Apparently, today is National Lager Day. Let’s celebrate National Lager Day. Why the hell not. Of course, if you’re old enough, you remember when everyday was National Lager Day in the U.S. Because that was the only choice you had. Times have changed. Ales are everywhere. The difference between ales and lagers? In a nutshell, an ale is brewed with top-fermenting yeast (Saccharomyces cerevisiae) and lager with bottom-fermenting yeast (Saccharomyces uvarum). Ales tend to be darker, have a cloudier appearance, higher alcohol content and a stronger, fruitier, more robust flavor with stronger bitter tones from the hops due to the higher number of hops, and faster, more thorough fermentation. Lagers tend toward a lighter, clear appearance, have a lower alcohol content and a sweeter, smoother, crisp flavor from the higher sugar content, slower fermentation, and cold treatment. Made with yeast that ferments slowly at cool temperatures, lagers take up valuable tank space at small breweries and is often considered too subtle next to the big yeast flavors of ales. But lagers are gaining in popularity. Anyway, it’s National Lager Day so Peaks and Pints has constructed a lager to-go flight we call Peaks and Pints Pilot Program: National Lager Day On The Fly.
Peaks and Pints Pilot Program: National Lager Day On The Fly
Grains of Wrath Dive Bar Lager
Grains of Wrath Dive Bar Lager would have been perfect the perfect beer for the former The Friendly Duck’s Decoy Room dive bar on South Tacoma Way. We would have planted out face inside a Dive Bar Lager while listening to the South Tacoma street creatures play therapist on each other beneath the duck decoys. One lone female bartender, three guys trying to deliberately sit apart (yet still talking to each other), pull tabs, a TV that everyone stares at but doesn’t watch, and a clean, lightly sweet, highly refreshing Dive Bar Lager. Perfect.
Holy Mountain Three Fates
Three Fates is Holy Mountain Brewing’s tried and true Czech-style pilsner brewed with Barke Pilsner malt and Czech Saaz hops. It’s fermented cool and lagered for a fresh cut grass, clean malts, and slightly sweet nose. The flavor is much the same but finishes with a little hop bitterness.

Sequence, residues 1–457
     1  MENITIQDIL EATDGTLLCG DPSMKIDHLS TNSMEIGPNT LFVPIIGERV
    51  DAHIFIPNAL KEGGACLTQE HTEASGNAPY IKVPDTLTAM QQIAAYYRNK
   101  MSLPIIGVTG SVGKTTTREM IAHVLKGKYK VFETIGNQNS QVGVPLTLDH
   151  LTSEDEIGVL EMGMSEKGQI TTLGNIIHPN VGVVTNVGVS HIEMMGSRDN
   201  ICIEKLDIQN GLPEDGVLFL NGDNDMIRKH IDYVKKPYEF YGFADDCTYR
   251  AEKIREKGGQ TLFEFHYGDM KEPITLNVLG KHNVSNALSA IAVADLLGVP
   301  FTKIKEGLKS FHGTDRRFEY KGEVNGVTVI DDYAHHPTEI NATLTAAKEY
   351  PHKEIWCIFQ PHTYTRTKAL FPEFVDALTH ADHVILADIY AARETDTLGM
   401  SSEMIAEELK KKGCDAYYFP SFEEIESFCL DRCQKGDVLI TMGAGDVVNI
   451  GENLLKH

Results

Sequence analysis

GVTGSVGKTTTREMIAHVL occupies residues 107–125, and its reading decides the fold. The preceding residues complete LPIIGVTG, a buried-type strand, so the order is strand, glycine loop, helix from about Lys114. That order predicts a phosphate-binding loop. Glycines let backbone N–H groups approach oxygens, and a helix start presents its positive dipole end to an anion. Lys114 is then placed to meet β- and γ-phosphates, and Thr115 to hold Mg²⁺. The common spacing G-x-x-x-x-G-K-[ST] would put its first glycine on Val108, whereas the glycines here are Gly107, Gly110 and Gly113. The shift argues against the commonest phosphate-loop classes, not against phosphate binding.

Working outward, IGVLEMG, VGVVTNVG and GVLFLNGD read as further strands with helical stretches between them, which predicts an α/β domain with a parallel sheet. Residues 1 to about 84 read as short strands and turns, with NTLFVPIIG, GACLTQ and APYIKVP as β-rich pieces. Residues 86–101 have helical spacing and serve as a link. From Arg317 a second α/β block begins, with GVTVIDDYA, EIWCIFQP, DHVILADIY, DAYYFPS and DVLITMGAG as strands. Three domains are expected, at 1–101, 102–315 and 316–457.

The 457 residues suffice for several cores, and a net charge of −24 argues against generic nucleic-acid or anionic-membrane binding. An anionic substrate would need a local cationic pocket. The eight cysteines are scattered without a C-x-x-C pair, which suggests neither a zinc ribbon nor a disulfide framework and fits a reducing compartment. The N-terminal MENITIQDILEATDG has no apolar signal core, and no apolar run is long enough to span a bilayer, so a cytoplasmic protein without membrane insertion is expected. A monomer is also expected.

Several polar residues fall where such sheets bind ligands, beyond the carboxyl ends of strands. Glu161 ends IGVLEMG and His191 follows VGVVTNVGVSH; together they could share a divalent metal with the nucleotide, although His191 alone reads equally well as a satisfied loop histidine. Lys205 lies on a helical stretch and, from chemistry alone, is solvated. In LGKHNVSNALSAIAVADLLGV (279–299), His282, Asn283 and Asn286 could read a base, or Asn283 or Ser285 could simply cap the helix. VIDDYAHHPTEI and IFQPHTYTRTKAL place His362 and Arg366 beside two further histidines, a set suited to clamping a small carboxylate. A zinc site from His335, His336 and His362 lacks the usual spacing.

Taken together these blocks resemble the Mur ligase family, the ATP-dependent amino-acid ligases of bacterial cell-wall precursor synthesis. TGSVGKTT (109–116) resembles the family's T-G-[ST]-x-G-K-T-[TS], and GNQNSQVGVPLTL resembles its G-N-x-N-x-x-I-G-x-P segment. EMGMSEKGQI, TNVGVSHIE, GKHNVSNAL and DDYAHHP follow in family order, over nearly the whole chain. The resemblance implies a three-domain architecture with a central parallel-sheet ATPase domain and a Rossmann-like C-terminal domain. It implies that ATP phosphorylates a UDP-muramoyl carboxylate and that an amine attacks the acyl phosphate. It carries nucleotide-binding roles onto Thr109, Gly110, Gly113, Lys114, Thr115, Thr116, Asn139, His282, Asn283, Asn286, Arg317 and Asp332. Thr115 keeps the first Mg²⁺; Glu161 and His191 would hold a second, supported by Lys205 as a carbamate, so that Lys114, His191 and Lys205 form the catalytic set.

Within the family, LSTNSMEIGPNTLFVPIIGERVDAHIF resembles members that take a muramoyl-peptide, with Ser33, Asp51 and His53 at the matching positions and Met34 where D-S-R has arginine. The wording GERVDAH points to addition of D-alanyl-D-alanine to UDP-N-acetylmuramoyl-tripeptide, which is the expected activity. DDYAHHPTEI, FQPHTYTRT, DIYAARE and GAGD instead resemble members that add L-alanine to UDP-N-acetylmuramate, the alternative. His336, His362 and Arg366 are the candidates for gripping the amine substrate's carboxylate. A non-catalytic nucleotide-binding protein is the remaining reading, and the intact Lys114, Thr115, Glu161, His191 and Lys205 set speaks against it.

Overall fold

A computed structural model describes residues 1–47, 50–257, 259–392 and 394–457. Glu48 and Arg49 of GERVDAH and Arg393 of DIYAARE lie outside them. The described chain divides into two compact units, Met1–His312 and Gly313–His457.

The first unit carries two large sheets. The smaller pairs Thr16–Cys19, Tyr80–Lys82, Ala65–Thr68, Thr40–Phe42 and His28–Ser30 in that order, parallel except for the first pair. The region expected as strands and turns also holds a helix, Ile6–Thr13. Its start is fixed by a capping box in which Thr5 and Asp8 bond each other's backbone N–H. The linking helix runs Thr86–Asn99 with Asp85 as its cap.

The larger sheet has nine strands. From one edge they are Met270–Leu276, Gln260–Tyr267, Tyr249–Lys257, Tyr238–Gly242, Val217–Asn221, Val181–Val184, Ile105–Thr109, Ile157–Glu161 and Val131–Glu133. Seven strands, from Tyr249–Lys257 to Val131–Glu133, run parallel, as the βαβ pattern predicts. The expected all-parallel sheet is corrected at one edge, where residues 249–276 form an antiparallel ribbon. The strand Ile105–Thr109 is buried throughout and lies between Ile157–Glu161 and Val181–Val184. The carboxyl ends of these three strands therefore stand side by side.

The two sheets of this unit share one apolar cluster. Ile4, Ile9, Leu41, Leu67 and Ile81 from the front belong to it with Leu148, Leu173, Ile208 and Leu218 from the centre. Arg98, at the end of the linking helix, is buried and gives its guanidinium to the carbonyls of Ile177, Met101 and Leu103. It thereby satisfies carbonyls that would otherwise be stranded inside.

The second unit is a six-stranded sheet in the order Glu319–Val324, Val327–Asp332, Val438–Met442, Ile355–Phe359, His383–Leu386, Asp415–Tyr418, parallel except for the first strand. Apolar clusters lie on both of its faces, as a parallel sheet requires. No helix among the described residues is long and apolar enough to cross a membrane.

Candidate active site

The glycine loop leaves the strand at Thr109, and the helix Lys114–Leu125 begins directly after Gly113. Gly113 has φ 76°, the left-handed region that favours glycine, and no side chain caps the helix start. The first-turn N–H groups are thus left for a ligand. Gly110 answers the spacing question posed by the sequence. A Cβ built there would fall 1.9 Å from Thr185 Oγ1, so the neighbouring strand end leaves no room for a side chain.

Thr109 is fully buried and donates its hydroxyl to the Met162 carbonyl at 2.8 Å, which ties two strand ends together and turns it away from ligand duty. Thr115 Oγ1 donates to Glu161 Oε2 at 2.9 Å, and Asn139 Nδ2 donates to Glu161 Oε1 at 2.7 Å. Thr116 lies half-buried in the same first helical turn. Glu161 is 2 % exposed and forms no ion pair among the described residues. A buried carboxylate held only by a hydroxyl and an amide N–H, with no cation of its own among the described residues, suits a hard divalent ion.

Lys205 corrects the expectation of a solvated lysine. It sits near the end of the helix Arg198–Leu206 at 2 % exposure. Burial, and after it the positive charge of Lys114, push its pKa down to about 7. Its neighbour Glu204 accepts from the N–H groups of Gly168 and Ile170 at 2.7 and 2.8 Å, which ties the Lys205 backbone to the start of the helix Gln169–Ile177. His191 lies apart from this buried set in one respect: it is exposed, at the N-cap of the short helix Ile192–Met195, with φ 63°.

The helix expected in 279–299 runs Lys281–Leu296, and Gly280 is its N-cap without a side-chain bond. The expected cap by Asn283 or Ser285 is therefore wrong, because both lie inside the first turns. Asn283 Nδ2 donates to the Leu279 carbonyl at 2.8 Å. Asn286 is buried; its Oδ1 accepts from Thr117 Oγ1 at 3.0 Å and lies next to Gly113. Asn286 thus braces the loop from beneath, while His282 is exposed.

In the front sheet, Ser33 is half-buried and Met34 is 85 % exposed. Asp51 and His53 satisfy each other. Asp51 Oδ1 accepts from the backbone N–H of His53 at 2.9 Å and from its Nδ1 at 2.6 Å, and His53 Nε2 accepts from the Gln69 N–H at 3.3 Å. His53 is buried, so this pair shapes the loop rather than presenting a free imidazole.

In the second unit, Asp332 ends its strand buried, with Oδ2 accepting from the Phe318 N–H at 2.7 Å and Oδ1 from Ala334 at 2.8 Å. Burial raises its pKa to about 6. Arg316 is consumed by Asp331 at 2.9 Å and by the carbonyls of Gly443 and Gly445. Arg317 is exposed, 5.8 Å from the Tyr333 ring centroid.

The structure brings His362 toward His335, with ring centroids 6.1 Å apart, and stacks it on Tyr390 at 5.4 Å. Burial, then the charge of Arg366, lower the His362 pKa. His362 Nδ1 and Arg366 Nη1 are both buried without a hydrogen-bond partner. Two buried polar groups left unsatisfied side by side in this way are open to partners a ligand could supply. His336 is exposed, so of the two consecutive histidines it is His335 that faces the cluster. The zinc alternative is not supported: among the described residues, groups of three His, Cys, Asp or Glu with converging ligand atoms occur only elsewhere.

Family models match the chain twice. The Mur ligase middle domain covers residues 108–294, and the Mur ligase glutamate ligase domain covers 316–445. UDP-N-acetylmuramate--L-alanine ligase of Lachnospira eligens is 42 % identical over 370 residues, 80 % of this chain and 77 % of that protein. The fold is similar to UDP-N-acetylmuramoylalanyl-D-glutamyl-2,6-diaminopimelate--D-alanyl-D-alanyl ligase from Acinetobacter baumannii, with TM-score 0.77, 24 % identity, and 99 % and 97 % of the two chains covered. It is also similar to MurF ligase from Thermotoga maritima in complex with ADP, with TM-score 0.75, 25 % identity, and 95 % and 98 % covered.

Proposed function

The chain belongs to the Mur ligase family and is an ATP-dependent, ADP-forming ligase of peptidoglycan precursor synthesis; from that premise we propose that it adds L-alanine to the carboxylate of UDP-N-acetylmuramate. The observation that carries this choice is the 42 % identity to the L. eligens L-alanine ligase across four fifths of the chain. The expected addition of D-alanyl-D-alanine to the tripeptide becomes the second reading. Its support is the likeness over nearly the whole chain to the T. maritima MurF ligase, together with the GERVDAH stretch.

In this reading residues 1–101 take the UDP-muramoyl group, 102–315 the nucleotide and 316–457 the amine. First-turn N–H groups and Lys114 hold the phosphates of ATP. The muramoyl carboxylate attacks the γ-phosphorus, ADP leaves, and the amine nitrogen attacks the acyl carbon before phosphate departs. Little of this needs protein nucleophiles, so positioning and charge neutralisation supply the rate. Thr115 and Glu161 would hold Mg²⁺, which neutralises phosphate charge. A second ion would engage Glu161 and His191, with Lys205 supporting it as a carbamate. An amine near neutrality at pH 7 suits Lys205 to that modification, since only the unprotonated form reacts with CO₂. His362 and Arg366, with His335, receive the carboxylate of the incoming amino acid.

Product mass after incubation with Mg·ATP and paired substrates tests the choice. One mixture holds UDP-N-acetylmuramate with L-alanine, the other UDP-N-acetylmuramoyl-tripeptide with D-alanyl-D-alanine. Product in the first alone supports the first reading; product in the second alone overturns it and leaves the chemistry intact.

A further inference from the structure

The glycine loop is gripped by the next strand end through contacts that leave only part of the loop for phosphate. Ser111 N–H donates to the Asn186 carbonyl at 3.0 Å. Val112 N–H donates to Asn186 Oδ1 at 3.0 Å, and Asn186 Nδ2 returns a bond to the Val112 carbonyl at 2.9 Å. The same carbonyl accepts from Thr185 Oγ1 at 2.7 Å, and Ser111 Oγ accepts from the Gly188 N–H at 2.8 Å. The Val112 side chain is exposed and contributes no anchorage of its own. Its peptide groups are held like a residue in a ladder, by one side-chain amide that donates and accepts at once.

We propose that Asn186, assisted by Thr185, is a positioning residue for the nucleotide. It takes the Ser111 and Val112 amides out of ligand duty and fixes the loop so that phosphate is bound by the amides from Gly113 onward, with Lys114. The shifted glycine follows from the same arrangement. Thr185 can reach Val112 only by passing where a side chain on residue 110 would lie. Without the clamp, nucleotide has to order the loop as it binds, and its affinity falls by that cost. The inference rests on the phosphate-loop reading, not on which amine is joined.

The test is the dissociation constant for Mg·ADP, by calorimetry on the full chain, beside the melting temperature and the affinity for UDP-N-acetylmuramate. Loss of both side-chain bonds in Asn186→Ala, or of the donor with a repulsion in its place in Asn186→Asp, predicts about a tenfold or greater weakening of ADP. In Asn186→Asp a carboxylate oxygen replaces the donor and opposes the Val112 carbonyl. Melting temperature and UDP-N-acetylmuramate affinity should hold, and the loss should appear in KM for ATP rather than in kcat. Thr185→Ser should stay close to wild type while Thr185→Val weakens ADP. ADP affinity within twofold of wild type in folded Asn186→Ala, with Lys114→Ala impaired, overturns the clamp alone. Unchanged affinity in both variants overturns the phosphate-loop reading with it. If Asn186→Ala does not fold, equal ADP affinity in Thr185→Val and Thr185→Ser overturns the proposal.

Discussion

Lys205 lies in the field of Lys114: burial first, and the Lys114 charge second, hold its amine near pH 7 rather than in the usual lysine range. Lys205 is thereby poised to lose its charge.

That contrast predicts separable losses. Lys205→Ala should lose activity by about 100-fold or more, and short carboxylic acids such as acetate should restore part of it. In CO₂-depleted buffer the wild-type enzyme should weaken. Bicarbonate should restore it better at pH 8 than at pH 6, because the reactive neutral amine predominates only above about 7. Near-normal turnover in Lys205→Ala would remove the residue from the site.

Stoup 00 Italian Pilsner
Italian brewers like to add a little flair to their pilsners by dry hopping for extra depth. In Stoup Brewing’s take on the style, aromas of red berries, light spice, and floral notes from Adeena, Hallertau Blanc and Loral hops are carried beautifully on a base of crisp, light pilsner malt. Pro tip: Stoup 00 Italian Pilsner is named for the famous 00 flour prized by pizzaiolos the world over.
Ex Novo For Whom The Helles Tolls
4.6% ABV, 23 IBU
Ex Novo Brewing’s For Whom The Helles Tolls is a German inspired, zero-decoction helles lager brewed with German malts and hops, mashed, and then fermented cold and slow to restrain ester formation. It’s lagered for more than a month at as close to freezing temperatures as possible to allow the yeast to finish conditioning and gently fall out of suspension. It’s crisp, dry, and tasty.
Wayfinder Linear Ashes
In fall 2016, three of Portland’s most respected food and drink professionals opened Wayfinder Beer in a former Central Eastside Industrial District warehouse. Charlie Devereux, the co-founder of Double Mountain Brewery; Rodney Muirhead, the barbecue master at Northeast Portland’s Podnah’s Pit; and Matt Jacobson, the force behind late-night pizza sensation Sizzle Pie and hard-charging rock label Relapse Records, opened the brick-walled beer hall with a 10-barrel brewing system. Head brewer Kevin Davey brought his experience at Chuckanut Brewery, Firestone Walker and Gordon Biersch, where he took home a 2014 Great American Beer Festival gold medal for his Munich-style helles. Their Linear Ashes, a collaboration with Structures Brewing, is a full bodied, very-special smoked lager beer with herbal notes, drying and a big dose of Beechwood smoke.
E9 Mumme’s the Word
Schwarzbier is one of the oldest known European beer styles, with origins in Kulmbach, Germany, circa 800 BC. Pronounced sh-vahts bee-uh, this lager style is named after its appearance — in German, schwarzbier means “black beer.” E9 Brewing’s version, Mumme’s the Word, is a classic schwarzbier dark lager brewed with German pilsner malt, Munich 1 malt and German chocolate malted wheat. Hopped in the kettle with newer generation Mandarina Bavaria and Hallertau Blanc, it’s full-bodied, yet crispy and light on the palate. Expect notes of toasted pumpernickel, stone fruit, and coffee.
LINK: Peaks & Pints cooler inventory